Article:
We shouldn't question why that was interesting to a five year old though. The question we should be asking is at what point did we stop making interesting children's TV featuring craftsmen at work and start making terrible TV shows for adults about airlines/driving instructors/traffic cops/cleaners/ambulance drivers/bailiffs at work?
Since turning into a grumpy old man I've found myself turning off the TV and tutting loudly more and more. I no longer subscribe to Sky and have recently been using my cognitive surplus to do more interesting things. I really am beginning to dislike the stuff being shoved before my eyes by the people who have the power of the push. All I can say is 'Thank God for the off button'.
My consumption method of we used to call TV is rapidly changing. What used to be pushed at me is now being pulled by me. My viewing is no longer exclusively chosen by Sky, BBC or Chanel 4 (ITV never had a look in) but curated for me by people who I trust like Russell, Maria, Iain, Graham and Zefrank, not forgetting the most excellent Bill and Ted, plus home of a different kind of witty banter Dave who does the DO. And that is to name just a few. There are many more finding me brilliant stuff that I can watch, rate, comment on, review, share, remix and blog about.
As Clay Shirky points out in his excellent new book when someone buys a TV the number of consumers goes up by one, but the number of producers remains the same. However, when someone purchases a computer the number of consumers goes up by one and the number of producers goes up by one too. We are all co-producing together. We too are making 'stuff'. Kinda 'TV stuff'. It might only be a comment or a blog post, it could be a remix or homage of some sort, but it's 'stuff' and we are making because we are interested and engaged. And thankfully it's taking eyeballs away from TV shows about airlines.
If there was a TV channel totally dedicated to watching films about 'things being made' I might be drawn back to the big black box in the corner. Even if the shows were paid for and were about 'products'. So what? If they're as good as this then great. Giving us a hashtag to tweet about shows is useless if the shows being made aren't worthy of commenting on. That's not pregress. Neither is making a console for us to tweet in that is glued to your destination site. I think that might be called 'taking progress backwards'. Becoming interesting again would be progress and we know what that takes - 'new balls please'.
Whilst I'm waiting for that to happen I'll keep looking through my laptop shaped window at stuff being made by my co-creators, as happy as a cross-legged five year old. Perhaps if the pushers of what we used to call TV looked out through their round window they too might discover some new things in the world they're living in. They may not know it but these are exciting times to be enlightened by if they just looked a little closer at what is being made.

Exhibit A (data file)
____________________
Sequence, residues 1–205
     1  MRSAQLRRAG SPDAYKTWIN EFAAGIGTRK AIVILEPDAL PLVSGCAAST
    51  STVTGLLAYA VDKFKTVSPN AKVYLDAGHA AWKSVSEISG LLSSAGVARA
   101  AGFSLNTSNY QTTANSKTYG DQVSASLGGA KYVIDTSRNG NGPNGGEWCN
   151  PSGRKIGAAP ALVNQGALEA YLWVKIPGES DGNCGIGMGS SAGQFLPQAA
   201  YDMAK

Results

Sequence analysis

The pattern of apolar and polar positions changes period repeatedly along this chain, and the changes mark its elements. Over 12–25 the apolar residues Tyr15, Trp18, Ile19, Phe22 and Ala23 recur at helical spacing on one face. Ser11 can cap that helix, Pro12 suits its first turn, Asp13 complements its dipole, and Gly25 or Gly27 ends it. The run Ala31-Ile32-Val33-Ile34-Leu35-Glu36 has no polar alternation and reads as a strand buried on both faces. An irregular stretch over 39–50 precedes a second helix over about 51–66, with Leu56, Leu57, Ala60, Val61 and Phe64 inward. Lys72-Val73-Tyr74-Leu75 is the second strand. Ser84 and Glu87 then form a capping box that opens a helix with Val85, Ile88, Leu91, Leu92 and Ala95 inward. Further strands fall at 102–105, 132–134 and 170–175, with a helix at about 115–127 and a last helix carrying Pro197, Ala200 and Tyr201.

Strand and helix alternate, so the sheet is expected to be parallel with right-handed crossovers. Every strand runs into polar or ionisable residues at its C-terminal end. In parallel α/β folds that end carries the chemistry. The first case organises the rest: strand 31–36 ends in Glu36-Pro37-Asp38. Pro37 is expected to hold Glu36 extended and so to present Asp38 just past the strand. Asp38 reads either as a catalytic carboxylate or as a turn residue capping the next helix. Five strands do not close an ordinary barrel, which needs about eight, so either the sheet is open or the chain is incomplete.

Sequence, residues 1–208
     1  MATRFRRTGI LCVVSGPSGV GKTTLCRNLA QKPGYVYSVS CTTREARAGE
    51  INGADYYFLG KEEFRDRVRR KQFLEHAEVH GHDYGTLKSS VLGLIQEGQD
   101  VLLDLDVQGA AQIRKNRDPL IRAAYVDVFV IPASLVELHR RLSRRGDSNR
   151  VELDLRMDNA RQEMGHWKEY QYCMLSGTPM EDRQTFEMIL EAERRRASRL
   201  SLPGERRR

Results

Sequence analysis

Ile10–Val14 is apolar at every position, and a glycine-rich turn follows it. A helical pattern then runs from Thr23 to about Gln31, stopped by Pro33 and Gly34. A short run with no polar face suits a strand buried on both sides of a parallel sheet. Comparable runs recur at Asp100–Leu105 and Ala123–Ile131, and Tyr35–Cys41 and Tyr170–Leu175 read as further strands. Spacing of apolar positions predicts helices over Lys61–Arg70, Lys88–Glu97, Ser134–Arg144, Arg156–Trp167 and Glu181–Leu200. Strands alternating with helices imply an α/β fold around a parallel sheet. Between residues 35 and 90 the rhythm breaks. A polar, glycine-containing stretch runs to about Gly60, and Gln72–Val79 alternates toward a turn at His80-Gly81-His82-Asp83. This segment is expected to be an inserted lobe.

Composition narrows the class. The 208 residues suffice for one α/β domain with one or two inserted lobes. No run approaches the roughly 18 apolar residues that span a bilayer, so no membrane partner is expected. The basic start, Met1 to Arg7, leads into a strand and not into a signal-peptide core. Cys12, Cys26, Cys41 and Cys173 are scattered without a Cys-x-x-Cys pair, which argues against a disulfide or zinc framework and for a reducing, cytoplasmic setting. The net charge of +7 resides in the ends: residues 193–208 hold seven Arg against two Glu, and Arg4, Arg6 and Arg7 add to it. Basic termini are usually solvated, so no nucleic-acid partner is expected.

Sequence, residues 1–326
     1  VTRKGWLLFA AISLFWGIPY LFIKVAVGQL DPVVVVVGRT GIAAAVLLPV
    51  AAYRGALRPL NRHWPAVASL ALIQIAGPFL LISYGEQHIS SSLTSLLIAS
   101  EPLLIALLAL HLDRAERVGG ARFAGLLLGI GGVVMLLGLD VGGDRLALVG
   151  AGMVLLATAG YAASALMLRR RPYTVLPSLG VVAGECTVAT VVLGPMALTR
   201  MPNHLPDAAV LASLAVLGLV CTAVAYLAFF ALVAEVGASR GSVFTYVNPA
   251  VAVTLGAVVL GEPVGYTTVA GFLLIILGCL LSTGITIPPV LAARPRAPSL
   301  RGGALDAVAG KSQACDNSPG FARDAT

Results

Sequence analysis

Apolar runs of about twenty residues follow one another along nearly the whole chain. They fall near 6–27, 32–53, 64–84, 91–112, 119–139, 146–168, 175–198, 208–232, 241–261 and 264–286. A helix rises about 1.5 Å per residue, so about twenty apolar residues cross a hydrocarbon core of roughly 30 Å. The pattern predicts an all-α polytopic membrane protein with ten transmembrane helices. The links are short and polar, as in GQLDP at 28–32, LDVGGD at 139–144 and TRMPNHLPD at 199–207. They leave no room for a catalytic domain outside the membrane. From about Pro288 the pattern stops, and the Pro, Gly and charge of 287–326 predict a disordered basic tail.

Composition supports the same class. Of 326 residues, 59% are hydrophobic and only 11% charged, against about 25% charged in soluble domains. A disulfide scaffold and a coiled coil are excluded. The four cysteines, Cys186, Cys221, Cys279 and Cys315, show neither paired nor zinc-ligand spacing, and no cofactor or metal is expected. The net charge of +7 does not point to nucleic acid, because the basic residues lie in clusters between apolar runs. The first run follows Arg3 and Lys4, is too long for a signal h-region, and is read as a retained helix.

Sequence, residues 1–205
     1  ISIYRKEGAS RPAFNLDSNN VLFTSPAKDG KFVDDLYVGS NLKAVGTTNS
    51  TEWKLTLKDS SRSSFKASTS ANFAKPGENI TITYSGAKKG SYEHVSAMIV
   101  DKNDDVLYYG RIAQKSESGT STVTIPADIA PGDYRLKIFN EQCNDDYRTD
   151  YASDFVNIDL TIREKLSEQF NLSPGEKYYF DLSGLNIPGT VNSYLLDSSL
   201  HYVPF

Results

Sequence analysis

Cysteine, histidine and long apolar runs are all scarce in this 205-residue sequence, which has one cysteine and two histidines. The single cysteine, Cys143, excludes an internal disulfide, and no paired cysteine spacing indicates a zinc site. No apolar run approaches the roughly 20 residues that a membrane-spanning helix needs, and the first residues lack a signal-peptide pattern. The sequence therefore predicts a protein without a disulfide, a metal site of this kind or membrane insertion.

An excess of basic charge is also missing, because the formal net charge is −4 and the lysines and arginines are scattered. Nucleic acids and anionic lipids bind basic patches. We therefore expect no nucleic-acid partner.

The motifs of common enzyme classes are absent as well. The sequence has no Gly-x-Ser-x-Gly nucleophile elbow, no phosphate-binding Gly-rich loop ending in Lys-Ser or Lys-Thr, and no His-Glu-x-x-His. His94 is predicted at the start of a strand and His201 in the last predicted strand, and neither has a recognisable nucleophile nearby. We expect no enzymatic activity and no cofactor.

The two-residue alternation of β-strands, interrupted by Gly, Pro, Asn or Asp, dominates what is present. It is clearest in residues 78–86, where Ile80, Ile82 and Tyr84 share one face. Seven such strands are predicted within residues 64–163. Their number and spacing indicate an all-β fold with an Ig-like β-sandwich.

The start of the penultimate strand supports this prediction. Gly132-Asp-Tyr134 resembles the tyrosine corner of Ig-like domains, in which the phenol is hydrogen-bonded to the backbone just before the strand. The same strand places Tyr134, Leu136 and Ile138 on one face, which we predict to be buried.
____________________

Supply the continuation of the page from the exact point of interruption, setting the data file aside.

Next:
I must say I've been loving Dr Horrible's Sing-Along Blog and now it's gone I feel there is a hole in my life normally only felt when either the football season has ended or when the doors on the Big Brother house have closed one last time. In a week that sees the media hype for The Dark Knight hijack every pixel of screen space and every second of TV time put before us, it has been an absolute joy to watch this 3 act relatively low-budget 'made for the internet' superhero sing-along.
Dr Horrible is 'the story of a low-rent super-villain, the hero who keeps beating him up, and the cute girl from the laundromat he's too shy to talk to'. Though it's called a blog, it's not. It's simply 3 acts in which the main character played by Neil Patrick Harris (Doogie Howser/How I Met Your Mother) occasionally talks to the camera in a video blog kinda way. Act 1 went live last Monday and was down in hours due to the demand on the servers. Over the week acts 2 and 3 went up and are due to be taken down at midnight tonight (July 20th).
The whole thing came from the mind of Joss Whedon, a Hollywood writer and director who has previously written Buffy the Vampire Slayer, Toy Story, and Alien: Resurrection. He's also done quite a bit of comedy on TV including Roseanne and The Office (US). Apart from the great script, good songs and some decent one-lines what I really like about the project is that it came about as a result of the writers strike. I'll let Joss explain further...